James Cameron is not a filmmaker who lets things slide. When he was preparing the 3D release of Titanic and got a "snarky email" from famed astrophysicist Neil deGrasse Tyson informing him the view of the night sky at the end of the film contained an inaccurate star-field (given the coordinates of the shipwreck and year), he went and fixed it—at considerable cost.

Skynet was written in the same language as the decidedly non-evil Oregon Trail.

So, it's no surprise that in the original Terminator film, whenever we see a shot from the T-800 (i.e., Arnold's) point-of-view, properly known as a Head-Up Display, the frantic code that accompanied his lightning calculations about leather jacket sizes and the location of Sarah Connor would not be random gibberish. Allow this helpful—and amazingly geeky—video from Behind the Screens, a YouTube channel devoted to the exploration of "computer screens in television and film" to explain:

The source code that flashes across the screen is, actually, source code from an Apple II computer, which makes sense, because, though the Macintosh was released in 1984, the same year as the original film, the Apple II had been around since the late '70s and so would have been a cutting-edge model to draw from when designing the aesthetic of a self-aware A.I. killing machine. In retrospect, of course, it is vaguely amusing to realize that Skynet was written in the same language as decidedly non-evil, and educational, programs like Oregon Trail.

The information was gathered by the good folks at Behind the Screens, who were just doing a public service considering that the very existence of a HUD on the T-800 model Terminator is a cause of consternation. A search of the actual Skynet, which we know as Google (it's funny now), led to the archives of Nibble Magazine, a now-defunct publication that served Apple II enthusiasts from 1980 to 1992. At the time, the Apple II was valued for the ease with which users could write their own programs, and the magazine frequently printed source code for these programs. And, as it turns out, this is what the Terminator is looking at. They've even tracked one shot's worth of data down to the September, 1984 issue of Nibble:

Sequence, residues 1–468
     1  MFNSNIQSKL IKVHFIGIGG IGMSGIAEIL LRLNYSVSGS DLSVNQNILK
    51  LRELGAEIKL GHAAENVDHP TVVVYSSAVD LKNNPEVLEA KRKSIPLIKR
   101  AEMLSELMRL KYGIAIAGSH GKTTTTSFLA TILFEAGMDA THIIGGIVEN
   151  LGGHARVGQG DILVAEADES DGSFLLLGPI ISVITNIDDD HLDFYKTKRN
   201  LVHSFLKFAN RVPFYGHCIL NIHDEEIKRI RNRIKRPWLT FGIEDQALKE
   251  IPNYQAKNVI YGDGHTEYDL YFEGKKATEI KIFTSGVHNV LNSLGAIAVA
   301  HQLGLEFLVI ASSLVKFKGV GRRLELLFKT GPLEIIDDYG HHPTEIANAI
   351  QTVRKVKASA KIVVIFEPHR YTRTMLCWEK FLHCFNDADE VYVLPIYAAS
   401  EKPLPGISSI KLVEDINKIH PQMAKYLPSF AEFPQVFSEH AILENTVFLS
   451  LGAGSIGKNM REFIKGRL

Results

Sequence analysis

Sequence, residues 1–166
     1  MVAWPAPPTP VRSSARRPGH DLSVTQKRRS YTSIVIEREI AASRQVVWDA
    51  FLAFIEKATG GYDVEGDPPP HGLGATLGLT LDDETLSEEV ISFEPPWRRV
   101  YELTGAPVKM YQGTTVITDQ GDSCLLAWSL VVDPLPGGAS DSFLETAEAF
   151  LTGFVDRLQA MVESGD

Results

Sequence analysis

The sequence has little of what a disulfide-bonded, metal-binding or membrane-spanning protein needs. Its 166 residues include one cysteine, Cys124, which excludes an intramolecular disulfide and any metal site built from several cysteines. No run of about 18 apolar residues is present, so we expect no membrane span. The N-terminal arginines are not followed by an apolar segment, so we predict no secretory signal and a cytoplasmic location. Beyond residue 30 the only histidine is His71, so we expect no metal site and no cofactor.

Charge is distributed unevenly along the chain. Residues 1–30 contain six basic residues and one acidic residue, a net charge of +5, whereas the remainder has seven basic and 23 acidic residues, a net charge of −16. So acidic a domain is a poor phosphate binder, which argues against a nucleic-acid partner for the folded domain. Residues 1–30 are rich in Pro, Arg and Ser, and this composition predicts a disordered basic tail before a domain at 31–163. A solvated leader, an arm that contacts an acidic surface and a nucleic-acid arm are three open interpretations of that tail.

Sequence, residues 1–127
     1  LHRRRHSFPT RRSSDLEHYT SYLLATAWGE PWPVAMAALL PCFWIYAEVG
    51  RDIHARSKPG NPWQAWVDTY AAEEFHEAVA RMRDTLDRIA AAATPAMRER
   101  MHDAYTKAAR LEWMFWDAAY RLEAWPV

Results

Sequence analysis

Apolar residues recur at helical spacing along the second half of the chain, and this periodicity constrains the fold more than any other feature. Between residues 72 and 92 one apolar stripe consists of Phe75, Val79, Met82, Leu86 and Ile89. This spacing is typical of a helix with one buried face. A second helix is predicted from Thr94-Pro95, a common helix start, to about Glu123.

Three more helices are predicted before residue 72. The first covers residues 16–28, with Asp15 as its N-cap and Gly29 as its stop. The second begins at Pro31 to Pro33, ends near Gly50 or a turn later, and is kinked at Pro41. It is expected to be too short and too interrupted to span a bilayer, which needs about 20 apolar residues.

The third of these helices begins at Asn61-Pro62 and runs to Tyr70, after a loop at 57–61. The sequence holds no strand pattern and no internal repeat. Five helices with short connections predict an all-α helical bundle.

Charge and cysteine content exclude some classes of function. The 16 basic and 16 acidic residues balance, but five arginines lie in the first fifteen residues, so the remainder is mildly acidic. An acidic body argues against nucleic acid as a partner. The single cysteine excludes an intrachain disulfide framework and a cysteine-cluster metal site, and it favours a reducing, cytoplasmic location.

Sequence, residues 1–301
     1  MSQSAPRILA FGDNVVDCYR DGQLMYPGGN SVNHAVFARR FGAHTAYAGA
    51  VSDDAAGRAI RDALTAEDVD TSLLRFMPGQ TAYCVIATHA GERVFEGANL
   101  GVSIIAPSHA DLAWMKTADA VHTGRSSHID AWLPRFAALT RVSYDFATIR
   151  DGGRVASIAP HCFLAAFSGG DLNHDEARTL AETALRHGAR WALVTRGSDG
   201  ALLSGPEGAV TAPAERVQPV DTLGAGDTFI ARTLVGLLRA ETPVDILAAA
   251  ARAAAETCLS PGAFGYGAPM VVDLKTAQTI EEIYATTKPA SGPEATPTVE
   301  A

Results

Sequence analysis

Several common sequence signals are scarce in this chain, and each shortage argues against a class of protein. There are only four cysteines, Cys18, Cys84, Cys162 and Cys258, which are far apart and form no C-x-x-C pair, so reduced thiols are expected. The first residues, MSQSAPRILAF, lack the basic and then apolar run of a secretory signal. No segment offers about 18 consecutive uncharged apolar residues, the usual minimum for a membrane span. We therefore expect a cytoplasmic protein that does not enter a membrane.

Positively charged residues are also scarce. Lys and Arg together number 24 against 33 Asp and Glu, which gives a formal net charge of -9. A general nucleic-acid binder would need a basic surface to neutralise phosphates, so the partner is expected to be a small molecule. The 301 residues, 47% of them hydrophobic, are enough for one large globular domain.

Given that the film was released on October 26, 1984, this means that the VFX team was working up until the last minute, which isn't surprising when you think that Cameron would go back to change the position of the Big Dipper by a degree or two. The code in question, which appeared in Nibble issue that was available on newsstands that August, was "from a program called High-Res DX...part of a slideshow program that was capable of swapping between five different images on screen." Which is, you know, not quite as evil as one would have hoped, but I'm sure James Cameron isn't freaking out about this or anything. 

The video also goes into detail on several other shots and the origin of the code therein, and the whole thing is a fascinating footnote to movie history and a testament to the heroic tenacity of fans, as well as the verging on madness perfectionism of one Mr. James Cameron. We imagine that he will, in all likelihood, now be forced to go back and update the display in the original film (and probably its sequel), at considerable expense, so as to more faithfully reflect current computational linguistics. Luckily for him, though, the model of Terminator in question isn't scheduled to be developed by Skynet until 2018, so he has some time. And lucky for us, Google won't become self-aware for like, at least six months, so we're good. 

Source: Behind the Screens